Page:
This provocative novel is set against a bleak background: a defunct chemical plant leaking its poisons into the land for miles around. Strange life forms have morphed from the familiar, roaming the trash-strewn land near a poisoned forest, proliferating alongside the rodents. Jobs are nonexistent in the Innertown since the closing of Leo Glisterís plant, the last to go. Now gangs of disaffected youth gather, planning their next foray into malicious mischief.
Menace hovers over all, the now-routine disappearance of young boys weighing on citizenís minds. Meanwhile, the police temporize and make excuses for the disappearances: the boys have run off for adventure, they will return one day. Nobody believes the police, but most are too exhausted to pursue it further, even the distraught parents. The presence of menace is palpable, if not specific.
The story unfolds through the voices of assorted characters, a combination of horror and mystery. The voice of Leonard Wilson, a fifteen-year-old boy, reveals the institutionalized cowardice of an industrialized society facing the consequences of its damage to the very earth that must sustain life. Only Leonard remains unscathed by the tainted town; only his integrity is left somewhat intact, but even that is under siege: ďYou donít go looking for the devil, son. Didnít anyone ever tell you that?Ē
Leonard has a brief physical affair with beautiful, shallow Elspeth, indulges in a dangerous complicity with a local gang of misfits who roam the night in search of things to destroy, and forms a friendship with an infrequent visitor, the Moth Man. This is industrialized society at its predictable worst, a barren moral landscape with no hope of restoration. Somewhere in this bleak arena lurks a killer who savages children, the local police officer bending to the pressures of those who control the town.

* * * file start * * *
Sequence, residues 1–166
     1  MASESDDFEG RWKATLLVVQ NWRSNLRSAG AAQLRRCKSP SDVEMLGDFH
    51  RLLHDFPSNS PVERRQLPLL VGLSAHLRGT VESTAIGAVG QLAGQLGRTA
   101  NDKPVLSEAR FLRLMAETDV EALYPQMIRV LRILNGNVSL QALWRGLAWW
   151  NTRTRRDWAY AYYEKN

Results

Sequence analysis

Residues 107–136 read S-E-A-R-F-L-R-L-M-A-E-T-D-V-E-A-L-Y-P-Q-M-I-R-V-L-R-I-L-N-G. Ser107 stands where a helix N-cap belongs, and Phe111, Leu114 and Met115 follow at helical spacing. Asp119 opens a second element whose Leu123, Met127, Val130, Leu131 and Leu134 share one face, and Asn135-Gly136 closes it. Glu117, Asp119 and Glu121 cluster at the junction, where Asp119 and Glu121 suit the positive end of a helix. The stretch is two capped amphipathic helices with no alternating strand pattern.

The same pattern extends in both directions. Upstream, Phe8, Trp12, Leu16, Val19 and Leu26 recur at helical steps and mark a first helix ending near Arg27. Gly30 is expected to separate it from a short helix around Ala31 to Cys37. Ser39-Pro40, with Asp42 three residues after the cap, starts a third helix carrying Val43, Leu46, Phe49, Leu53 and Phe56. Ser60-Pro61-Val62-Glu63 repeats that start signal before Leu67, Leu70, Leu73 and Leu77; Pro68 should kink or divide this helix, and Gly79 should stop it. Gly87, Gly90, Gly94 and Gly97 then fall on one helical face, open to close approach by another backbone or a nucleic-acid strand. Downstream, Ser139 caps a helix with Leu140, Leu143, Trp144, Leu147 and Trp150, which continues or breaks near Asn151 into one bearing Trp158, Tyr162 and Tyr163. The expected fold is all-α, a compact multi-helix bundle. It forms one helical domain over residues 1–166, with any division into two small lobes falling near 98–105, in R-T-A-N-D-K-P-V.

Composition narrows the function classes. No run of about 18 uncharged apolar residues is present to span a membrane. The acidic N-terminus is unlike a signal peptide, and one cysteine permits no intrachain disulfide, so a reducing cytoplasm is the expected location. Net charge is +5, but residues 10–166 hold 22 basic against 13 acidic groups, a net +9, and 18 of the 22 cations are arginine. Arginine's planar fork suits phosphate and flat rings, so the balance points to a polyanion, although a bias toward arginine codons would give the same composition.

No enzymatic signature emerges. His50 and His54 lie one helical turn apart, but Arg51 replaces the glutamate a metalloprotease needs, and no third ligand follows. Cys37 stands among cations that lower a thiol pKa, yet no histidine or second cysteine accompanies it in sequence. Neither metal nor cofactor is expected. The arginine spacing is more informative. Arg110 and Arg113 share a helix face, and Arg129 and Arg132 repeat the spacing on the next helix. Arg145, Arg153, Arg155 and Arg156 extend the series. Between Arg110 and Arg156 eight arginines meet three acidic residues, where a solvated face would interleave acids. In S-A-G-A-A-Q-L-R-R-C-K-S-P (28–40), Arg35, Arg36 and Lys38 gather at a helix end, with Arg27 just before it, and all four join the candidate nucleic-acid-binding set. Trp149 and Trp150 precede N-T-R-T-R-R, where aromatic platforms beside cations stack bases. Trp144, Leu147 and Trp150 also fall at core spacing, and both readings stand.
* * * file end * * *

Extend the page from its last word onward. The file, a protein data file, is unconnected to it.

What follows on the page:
Such a devastated terrain is unfortunately easy to imagine, as are the unhappy inhabitants of the Innertown. Location is irrelevant; this is a tragedy that bears no limitations. It is the ending that leaves me confused. I expected an answer no matter how gruesome, but as Leonard Wilson embraces his fate and an ineffective policeman his just rewards, the reader is left with only speculation and impressions.
The novel is horribly effective and utterly believable, but the ending leaves me dissatisfied. The future is not far away, but The Glister remains inexplicable. The story rocks all the way to the end, when for some reason Burnside refuses to leave his reader with more than a confusing resolution.